Some background clarification.

When Salmon first arrived in the little Atlantic village, he faced a conundrum many people,with a past face when they embark on a new relationship. When is the right time for revelation? Too early on, can lead to the charge of presumption, but if left until later, there is the possibility of being accused of deception.

Would the parishioners in the little village of Droumbally, forgive Salmon, for not telling them about his connection to the area, right from the beginning?

Without doubt, some would question what he did, and why he did it. It would be my contention, that the only people who would question his integrity, would be those inclined to harsh judgement, whatever the circumstance, and people who never attended the church, but heard the gist of things on the grapevine.

Characters such as Madge Healy, and the O’Hara family, suggest that had he announced from the beginning, that he was the illegitimate son of a parishioner, who had grown up in dire poverty, in the East End of London, he would have met with disdain and even outright rejection. His ability to influence the community, would have been impaired from the start.

What is clear, is that Bridie Clancy went to her grave, without ever telling anyone, the story of her life. She knew the community well, had suffered at the hands of their ancestors, and nothing would have prised that secret from her.

This notion of secrecy is quite integral to the novel, and I think to the wider background of the abuse scandals in Ireland. Even now, in the year 2018, these scandals are addressed in terms of what the church or state authorities did. Very little coverage or acknowledgment is made of the fact, that communities colluded with the abuse. Families, like Bridie Clancy’s, abandoned their children. While the church and state have to be held to account, it will be to no avail, unless a thorough examination of societal morality is undertaken.

If in the future, people come to seriously abhor abortion, will they be justified in holding the state accountable for its legalization? Will it be acceptable, if they totally ignore that an overwhelming majority of people gave the state a mandate in the 2018 referendum?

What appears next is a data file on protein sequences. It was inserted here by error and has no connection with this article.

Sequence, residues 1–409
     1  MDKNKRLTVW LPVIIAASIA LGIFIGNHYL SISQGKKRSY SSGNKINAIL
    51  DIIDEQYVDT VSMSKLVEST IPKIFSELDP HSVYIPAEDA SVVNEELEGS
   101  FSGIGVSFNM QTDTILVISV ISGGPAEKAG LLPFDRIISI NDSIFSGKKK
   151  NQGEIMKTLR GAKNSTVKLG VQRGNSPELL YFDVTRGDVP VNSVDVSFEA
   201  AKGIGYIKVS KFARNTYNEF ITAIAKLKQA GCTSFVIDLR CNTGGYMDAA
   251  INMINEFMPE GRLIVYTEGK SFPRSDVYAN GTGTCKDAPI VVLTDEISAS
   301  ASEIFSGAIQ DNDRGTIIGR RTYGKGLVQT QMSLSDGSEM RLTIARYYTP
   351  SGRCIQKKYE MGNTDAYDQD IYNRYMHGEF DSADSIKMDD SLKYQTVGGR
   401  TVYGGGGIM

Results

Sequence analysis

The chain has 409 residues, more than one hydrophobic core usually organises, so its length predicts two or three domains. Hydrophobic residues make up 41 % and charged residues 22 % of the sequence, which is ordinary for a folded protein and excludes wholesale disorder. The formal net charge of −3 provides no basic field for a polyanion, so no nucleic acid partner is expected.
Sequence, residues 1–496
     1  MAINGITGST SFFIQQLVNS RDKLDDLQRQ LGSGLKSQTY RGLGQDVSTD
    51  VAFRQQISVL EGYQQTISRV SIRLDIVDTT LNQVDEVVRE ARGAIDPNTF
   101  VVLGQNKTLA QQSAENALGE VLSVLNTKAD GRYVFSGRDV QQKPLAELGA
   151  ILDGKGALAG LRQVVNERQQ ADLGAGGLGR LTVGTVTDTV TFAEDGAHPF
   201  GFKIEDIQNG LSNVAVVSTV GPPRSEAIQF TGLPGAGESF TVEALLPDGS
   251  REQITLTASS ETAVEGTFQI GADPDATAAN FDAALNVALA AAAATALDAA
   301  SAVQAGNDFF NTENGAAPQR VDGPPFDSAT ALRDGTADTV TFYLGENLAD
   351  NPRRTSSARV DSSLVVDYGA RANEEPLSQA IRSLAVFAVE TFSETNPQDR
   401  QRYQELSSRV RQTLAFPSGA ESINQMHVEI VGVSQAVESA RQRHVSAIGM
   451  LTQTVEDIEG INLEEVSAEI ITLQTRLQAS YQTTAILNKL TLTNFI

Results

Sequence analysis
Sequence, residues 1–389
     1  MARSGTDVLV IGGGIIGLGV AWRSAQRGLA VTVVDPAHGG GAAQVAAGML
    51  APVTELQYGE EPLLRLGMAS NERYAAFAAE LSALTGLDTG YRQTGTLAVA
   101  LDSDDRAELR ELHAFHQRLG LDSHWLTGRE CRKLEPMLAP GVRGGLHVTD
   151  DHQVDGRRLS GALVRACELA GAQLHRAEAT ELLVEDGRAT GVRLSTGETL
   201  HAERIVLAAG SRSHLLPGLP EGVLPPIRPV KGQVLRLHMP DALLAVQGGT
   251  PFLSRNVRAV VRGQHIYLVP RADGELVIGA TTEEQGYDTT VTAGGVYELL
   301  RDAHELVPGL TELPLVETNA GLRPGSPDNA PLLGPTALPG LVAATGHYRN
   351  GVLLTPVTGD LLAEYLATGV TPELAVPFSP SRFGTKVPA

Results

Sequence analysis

Churches and governments are made up of individual people, drawn from communities like Droumbally. Some individuals, in full possession of a heart and a soul, and free will, inflicted terrible abuse on the innocent. To talk purely in terms of faceless establishments, is a very potent example of denial.

Barnabas Salmon had a very clear mission, and while his mother was a beneficiary of it, she was by no means the sole intended target. He wanted his life story to be an example of why judgement must be avoided. Few people ever know the whole story, and those who know the beginning, seldom know the ending, and vice versa. The biggest tragedy, overshadowing the novel, is the very real possibility that the village liked his message, but failed to address it to themselves. Hence, when he passes away, they ask the question, ‘Who will tend to the lonely, the sick and the elderly now?’ The penny clearly hasn’t dropped.

Barnabas Salmon, was a totally orthodox priest in terms of what he believed. He did not believe in the possibility of having cake and eating it, hence it would be nonsensical to him, to belong to a church whose values he did not share.

The one deviance he did indulge in however, was his preference for ‘civilian clothes.’ he was after all, a man of the world. A trained actor, a hospital porter, a one time fiance to a wealthy and connected woman.He knew enough about people to know, that in a parochial area like Droumbally, a traditional dog collar, would have tethered him to the same post as the parish priest, Donal Ryan, in the eyes of that insular community. He was out to make an impact from the very start, and his clothes, his mode of travel, marked him as an individual.

The most profound, and beautiful relationship in the novel, in my opinion, is the relationship between Barnabas and Clarissa. It is the story of a friendship that started in the innocence of childhood, and which materialised into a romance, even though the odds were truly stacked against its success. And yet it continued to flourish, even when he discovered his true vocation. Clarissa has the strength of character, and enough love, to understand, that Barnabas, never rejected her. If there had been any hint of a lingering romantic interest, both characters would have been greatly diminished.

Clarissa’s lack of religious faith had troubled Barnabas Salmon, yet true to his belief, that it is never too late, I think there is every reason to suppose from her eulogy, that she was, in the words of Graham Greene, beginning to, ‘doubt the doubt.’